Tony Blair has confirmed the next general election will be held on June 7. Parliament will be dissolved on Monday Both main parties put increasing emphasis on public/private solutions for financial services. The Conservatives are giving long-term care a high profile following announce-ments last week and a plan to abolish tax on savings for low and moderate earners. The Tories are also promising reform of compulsory annuity purchase at 75.
Labour will focus on the future needs of the young, with proposals for a trust fund for all children. The LibDems promise a simplified state pension with a compulsory private component.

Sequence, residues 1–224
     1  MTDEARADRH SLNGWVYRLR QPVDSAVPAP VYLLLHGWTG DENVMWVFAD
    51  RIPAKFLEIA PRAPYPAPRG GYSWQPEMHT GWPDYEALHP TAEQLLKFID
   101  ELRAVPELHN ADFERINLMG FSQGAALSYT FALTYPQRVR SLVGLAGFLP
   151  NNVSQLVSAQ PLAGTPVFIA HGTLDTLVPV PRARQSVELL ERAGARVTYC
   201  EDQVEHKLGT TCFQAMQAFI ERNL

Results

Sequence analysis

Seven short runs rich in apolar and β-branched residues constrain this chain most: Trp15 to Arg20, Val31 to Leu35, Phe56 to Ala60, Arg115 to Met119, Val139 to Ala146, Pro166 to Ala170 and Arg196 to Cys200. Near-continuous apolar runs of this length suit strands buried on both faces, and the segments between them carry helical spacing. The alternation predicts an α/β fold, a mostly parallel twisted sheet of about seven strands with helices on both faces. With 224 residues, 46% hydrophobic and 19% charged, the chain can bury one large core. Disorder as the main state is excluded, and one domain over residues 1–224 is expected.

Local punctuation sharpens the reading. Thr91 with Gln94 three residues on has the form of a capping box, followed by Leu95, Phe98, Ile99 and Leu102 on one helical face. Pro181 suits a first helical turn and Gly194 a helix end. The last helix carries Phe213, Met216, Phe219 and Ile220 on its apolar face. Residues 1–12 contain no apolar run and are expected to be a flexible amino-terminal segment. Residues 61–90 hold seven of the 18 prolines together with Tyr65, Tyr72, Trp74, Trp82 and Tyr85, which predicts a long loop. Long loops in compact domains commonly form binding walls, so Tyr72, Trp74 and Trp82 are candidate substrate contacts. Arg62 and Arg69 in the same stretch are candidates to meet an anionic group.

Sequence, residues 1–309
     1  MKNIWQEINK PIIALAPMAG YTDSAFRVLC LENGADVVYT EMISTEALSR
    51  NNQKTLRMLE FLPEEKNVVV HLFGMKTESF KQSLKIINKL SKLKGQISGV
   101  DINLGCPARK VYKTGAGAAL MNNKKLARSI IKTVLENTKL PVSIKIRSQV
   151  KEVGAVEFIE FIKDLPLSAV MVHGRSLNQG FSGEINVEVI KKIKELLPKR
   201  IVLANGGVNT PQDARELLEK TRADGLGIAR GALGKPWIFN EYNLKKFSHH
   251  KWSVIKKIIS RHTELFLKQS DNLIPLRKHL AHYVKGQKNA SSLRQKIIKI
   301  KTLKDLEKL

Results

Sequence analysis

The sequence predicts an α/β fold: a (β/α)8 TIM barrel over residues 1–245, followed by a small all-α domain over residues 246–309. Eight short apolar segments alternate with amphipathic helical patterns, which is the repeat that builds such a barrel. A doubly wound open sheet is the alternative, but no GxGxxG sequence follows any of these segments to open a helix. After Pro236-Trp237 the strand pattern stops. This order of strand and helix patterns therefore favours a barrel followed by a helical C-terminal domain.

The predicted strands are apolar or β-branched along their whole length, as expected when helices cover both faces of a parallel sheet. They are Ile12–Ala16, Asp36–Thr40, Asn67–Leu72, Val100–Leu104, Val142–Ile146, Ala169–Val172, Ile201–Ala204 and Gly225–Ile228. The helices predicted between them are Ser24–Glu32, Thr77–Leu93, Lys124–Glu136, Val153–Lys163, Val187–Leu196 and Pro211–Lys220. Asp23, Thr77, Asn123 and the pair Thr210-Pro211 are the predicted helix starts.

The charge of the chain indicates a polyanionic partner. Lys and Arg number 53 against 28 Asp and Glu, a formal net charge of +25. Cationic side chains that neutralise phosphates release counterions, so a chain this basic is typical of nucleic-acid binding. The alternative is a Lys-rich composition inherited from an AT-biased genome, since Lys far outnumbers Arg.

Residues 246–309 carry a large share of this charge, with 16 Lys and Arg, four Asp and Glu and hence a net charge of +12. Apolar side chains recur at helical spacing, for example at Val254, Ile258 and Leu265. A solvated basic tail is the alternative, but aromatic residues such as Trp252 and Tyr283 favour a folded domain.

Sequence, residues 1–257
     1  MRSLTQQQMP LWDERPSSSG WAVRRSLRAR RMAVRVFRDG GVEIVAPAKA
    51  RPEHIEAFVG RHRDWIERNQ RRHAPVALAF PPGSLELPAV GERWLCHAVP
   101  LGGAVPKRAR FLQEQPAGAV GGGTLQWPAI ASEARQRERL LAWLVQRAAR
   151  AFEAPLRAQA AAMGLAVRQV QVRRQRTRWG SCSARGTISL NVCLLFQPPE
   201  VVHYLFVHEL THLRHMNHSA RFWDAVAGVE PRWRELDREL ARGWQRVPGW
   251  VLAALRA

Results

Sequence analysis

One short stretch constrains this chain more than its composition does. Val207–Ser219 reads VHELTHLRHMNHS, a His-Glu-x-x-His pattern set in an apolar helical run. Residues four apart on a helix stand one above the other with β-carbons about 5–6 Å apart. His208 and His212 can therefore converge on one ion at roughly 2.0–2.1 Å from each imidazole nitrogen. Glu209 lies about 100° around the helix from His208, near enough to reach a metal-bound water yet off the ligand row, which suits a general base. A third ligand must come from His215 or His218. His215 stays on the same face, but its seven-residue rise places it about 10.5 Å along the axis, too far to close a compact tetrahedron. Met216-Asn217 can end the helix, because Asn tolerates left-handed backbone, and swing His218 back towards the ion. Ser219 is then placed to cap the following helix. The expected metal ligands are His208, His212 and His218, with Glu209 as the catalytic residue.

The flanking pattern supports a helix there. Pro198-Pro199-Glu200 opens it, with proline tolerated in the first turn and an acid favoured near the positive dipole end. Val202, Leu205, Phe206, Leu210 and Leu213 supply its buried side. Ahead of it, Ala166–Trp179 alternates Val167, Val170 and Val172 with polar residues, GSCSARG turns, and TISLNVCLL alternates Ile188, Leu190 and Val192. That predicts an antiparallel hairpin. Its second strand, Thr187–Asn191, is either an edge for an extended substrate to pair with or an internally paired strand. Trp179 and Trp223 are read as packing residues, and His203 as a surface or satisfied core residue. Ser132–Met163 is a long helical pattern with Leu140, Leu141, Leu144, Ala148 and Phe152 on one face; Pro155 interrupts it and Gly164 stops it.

Major consumer bodies want a free financial advice ser-vice possibly backed with state funding.
In responses to the Treasury paper, Standards for Retail Financial Products, the Financial Services Consumer Panel and the Consumers' Association stress the need for a basic advice service for lower-income consumers.
The panel says: “The Government must have a strategy for making advice more widely available, properly supported and funded.”
The CA believes IFAs provide the best-quality financial advice but the price is too high for many consumers and it suggests a new type of FSA-approved financial adviser to offer a basic level of advice.
Virgin Direct thinks computer-based decision-tree-walking is the answer and a new type of salaried adviser, not FPC-qualified, could use this to give free advice to people buying simple products.
Financial Services Consumer Panel chairman Colin Brown says: “People should be able to get an amount of free accredited financial advice as a starting point.”